Labor Market Openness, H‐1b Visa Policy, and the Scale of International Student Enrollment in the United States

18 Pages Posted: 27 Nov 2015

See all articles by Kevin Shih

Kevin Shih

Rensselaer Polytechnic Institute (RPI) - Department of Economics

Date Written: January 2016

Abstract

International students have long comprised an important part of U.S. higher education. However, little is known regarding the factors that encourage students from across the world to enroll in U.S. colleges and universities each year. This paper examines the relationship between international enrollment and the openness of the United States' skilled labor market, currently regulated by the H‐1B program. Gravity regressions reveal that H‐1B visa issuances to a country are positively and significantly related to the number of international students from that country. Causal estimates of the impact of labor market openness are achieved by exploiting a dramatic fall in the H‐1B visa cap in October 2003. Triple difference estimates show that the fall in the cap lowered foreign enrollment by 10%.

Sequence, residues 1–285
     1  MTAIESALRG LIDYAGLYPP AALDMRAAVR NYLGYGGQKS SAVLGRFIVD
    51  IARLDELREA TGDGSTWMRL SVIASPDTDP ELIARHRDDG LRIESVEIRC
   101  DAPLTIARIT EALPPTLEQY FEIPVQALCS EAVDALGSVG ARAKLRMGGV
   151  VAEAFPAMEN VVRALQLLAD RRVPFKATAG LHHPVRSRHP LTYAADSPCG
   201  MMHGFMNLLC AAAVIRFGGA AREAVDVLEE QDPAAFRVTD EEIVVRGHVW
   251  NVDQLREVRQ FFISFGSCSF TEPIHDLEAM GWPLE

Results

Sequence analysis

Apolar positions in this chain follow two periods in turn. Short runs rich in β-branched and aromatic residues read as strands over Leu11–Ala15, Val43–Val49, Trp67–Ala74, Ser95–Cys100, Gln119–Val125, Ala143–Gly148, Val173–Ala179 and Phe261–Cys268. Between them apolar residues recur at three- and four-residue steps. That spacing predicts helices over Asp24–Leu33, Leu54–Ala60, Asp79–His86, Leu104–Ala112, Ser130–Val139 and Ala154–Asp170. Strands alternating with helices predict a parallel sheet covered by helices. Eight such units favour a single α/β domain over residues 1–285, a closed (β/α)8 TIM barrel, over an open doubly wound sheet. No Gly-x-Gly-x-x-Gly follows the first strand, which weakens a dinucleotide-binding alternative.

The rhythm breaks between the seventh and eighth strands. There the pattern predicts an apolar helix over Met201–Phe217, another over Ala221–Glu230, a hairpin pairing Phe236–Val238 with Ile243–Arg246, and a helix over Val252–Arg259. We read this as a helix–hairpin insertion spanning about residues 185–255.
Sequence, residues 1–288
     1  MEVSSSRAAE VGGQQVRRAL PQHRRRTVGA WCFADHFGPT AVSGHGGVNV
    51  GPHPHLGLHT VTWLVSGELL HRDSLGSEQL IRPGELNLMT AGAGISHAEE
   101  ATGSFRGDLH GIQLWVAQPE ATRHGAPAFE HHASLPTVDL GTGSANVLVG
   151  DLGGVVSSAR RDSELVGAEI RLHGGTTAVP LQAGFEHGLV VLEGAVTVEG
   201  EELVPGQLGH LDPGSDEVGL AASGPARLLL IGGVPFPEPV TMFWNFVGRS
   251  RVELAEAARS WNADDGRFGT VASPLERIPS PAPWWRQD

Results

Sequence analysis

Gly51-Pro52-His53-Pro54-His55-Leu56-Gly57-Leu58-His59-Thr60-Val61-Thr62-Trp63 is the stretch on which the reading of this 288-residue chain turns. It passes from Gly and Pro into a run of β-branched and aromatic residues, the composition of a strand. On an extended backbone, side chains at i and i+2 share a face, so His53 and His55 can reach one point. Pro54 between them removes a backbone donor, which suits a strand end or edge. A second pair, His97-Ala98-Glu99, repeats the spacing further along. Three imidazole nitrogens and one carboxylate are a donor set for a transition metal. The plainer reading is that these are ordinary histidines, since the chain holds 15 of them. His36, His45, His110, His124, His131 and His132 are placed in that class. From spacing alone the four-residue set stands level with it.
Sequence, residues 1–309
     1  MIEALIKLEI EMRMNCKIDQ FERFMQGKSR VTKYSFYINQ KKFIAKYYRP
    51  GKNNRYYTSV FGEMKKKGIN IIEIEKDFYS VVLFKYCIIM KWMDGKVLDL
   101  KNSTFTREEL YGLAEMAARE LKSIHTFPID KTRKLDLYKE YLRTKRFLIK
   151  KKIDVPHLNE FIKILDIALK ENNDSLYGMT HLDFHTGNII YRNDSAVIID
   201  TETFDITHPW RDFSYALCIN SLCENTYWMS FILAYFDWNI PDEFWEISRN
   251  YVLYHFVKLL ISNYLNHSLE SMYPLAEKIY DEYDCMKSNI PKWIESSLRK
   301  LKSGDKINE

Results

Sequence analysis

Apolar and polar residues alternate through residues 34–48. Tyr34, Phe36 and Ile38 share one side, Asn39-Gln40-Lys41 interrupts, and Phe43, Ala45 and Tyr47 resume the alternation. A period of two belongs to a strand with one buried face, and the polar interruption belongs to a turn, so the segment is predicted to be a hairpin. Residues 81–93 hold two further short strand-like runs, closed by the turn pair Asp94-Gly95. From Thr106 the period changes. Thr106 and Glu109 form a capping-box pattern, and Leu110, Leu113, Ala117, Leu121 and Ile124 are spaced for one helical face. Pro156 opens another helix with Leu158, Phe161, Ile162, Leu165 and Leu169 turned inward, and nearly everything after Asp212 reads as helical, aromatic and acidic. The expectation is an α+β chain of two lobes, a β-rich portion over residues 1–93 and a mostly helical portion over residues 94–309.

JEL Classification: F22, I21, J11

Suggested Citation

Shih, Kevin, Labor Market Openness, H‐1b Visa Policy, and the Scale of International Student Enrollment in the United States (January 2016). Economic Inquiry, Vol. 54, Issue 1, pp. 121-138, 2016. Available at SSRN: https://ssrn.com/abstract=2695917 or http://dx.doi.org/10.1111/ecin.12250

Kevin Shih (Contact Author)

Rensselaer Polytechnic Institute (RPI) - Department of Economics ( email )

110 8th Street
Troy, NY 12180
United States

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